These extend the restrictions you’ll face for up to 15 years. On top of that, the bankruptcy will remain on your credit file till the BRU/O ends. 

How will the bankruptcy affect my credit rating?

If you have a bankruptcy on file, your credit scores will typically drop. When lenders check your file, they’ll be able to see the defaults and are less likely to give you a loan as a result.

Credit references allow providers to see how responsible someone is with debt and decide whether they’re likely to make repayments in full and on time. A bankruptcy shows that you’ve had serious problems in the past and so lenders may judge that you’re too risky to lend to.

While the bankruptcy is on file, you could struggle to get a mortgage and it can make it hard to get a rental tenancy. Where you are offered credit or loans, you may find that it’s at much higher interest rates. As you’re deemed to be high risk, lenders need to cover this, so your borrowing tends to cost more overall. 

These effects will lessen over time, and your score should improve once the bankruptcy drops off your file in six years. There are also other steps you might consider to improve your score in the meantime.

How can I improve my credit score?

Time is the greatest healer when it comes to credit scores and bankruptcies. However, there are other steps you can consider that may give your score a boost. Making sure you’re on the electoral roll is a quick win for credit reference agencies.

You might consider getting a credit builder credit card with a low limit and paying it off in full each month. This creates a history of responsible lending, but you must make sure you don’t get back into problem debt and you never miss a repayment.

Follow our ten steps to make sure your credit rating is as high as it can be – despite any bankruptcies.

How do I check my credit score?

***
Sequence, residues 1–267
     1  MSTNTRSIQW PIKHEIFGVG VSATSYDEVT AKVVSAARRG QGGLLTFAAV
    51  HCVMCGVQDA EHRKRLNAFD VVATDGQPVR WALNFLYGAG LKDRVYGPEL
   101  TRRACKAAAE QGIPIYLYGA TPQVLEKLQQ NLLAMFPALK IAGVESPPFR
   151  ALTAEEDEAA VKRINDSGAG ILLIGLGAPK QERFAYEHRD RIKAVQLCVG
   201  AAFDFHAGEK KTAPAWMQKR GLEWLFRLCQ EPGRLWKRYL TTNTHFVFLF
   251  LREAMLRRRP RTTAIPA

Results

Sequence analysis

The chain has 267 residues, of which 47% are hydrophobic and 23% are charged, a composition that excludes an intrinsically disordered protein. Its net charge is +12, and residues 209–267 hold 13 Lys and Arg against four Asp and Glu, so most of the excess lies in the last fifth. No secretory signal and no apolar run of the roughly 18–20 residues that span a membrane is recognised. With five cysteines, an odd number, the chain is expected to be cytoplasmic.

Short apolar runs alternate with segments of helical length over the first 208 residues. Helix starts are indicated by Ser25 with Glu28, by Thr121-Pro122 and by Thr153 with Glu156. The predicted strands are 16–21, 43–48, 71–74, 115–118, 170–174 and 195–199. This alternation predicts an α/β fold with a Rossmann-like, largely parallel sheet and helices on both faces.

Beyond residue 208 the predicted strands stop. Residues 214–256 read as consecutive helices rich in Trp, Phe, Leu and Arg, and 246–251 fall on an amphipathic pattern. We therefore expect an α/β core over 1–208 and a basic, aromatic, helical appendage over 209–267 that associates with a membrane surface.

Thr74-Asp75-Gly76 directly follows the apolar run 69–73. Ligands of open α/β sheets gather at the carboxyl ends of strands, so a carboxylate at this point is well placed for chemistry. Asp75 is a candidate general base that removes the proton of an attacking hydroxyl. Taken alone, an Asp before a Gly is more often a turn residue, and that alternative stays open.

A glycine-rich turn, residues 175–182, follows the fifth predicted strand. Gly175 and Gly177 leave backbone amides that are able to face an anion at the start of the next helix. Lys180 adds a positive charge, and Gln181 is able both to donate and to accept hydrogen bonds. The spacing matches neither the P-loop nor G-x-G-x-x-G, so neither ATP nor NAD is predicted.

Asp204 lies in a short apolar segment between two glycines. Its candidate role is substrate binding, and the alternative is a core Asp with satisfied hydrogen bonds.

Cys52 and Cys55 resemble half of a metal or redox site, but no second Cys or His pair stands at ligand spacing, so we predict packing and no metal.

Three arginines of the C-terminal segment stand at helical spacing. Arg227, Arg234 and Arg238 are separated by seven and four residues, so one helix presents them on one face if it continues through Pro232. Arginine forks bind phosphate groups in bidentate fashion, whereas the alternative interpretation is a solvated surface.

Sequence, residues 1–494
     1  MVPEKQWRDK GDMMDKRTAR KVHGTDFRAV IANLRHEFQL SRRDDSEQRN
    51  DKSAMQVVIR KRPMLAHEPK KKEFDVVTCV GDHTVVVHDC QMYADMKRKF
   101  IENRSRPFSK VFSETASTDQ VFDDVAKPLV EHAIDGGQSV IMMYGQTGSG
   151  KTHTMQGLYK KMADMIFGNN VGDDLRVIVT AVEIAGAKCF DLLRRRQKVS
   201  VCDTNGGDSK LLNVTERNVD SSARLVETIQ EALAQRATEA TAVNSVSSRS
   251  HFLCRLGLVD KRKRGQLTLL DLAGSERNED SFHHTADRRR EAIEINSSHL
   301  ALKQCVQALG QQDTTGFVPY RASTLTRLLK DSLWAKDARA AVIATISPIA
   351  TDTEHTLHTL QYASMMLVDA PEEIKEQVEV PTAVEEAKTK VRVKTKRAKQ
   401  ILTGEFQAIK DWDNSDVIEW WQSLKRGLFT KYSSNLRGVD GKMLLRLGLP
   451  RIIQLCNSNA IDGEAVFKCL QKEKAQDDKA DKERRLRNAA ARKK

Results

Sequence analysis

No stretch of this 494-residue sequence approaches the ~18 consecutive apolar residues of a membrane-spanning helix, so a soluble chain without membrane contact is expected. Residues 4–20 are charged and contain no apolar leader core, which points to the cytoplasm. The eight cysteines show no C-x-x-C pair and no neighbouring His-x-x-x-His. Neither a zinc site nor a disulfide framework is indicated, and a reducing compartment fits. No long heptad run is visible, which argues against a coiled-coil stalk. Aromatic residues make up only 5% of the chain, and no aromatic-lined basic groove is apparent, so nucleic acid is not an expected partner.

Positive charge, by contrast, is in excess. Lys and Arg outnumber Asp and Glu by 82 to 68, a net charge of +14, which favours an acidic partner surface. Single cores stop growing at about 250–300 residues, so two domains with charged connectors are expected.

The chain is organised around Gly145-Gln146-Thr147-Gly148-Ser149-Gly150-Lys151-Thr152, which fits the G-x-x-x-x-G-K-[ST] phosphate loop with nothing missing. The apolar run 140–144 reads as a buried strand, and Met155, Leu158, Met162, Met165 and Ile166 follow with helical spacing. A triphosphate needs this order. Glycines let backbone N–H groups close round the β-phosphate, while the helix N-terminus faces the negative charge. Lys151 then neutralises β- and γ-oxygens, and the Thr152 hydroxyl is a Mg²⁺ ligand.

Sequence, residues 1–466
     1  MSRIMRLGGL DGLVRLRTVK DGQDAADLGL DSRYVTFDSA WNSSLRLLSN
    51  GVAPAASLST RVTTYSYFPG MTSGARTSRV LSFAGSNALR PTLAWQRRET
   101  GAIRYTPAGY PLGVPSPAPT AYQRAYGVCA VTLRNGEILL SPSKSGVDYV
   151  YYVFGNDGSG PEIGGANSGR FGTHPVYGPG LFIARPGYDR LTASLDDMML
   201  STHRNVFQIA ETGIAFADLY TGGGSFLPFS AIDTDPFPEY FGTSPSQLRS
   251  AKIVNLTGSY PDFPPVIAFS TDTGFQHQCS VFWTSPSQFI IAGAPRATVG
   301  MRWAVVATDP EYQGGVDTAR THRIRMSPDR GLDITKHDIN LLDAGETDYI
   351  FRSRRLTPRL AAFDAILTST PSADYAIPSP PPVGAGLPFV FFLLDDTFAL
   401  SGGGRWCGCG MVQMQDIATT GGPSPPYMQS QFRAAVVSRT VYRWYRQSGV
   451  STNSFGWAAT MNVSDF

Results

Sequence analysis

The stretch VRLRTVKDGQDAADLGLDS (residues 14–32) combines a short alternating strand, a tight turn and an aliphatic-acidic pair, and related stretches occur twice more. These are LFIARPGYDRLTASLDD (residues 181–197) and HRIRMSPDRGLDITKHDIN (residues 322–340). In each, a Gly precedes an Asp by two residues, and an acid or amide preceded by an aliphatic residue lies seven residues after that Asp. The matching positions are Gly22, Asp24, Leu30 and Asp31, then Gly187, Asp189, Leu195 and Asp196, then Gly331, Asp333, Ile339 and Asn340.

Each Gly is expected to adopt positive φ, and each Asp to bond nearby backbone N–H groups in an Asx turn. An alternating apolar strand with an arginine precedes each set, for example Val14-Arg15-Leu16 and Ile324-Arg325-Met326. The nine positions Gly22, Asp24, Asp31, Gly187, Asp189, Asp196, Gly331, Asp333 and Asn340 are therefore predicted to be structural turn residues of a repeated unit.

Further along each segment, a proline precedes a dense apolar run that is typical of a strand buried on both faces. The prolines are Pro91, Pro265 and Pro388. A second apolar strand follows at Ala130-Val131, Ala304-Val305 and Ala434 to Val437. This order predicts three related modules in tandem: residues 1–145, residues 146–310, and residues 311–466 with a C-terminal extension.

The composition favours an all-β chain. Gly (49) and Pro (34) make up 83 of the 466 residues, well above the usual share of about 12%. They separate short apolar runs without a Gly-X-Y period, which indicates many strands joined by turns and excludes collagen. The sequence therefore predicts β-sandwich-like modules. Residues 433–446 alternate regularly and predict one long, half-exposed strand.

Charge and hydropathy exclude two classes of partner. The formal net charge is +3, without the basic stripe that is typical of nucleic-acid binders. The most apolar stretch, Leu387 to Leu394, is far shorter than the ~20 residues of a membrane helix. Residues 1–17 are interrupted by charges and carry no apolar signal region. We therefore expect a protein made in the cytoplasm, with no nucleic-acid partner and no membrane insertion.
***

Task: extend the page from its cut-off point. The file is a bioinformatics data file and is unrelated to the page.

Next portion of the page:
There are three main Credit Reference Agencies (CRAs) – Equifax, Experian and TransUnion. Each one will give you a different score and it’s important to check all of them regularly. Different lenders use different CRAs so you can only get a full picture by looking at all of them.

Who can be made bankrupt?

A bankruptcy order can be made if:

  • you can’t afford to pay your debts and want to declare yourself bankrupt

  • your creditors apply to make you bankrupt because you owe them £5000 or more

  • an insolvency practitioner makes you bankrupt because you’ve broken the terms of an individual voluntary arrangement (IVA)

How much does it cost to go bankrupt?

It costs £680 to apply to become bankrupt in England and Wales. Charity StepChange explains this fee is made up of a £130 fee to the adjudicator and £550 to the official receiver. In Northern Ireland the total cost is £683.

How can I decide whether bankruptcy is right for me?

Bankruptcy is an extreme solution, so you should check all your options before deciding to do it.

If you have problem debt and you’re struggling with repayments, speak to a debt charity who can help you understand all the options and negotiate with lenders. StepChange, NationalDebtline and Citizens Advice can all help you for free.

About Sara Benwell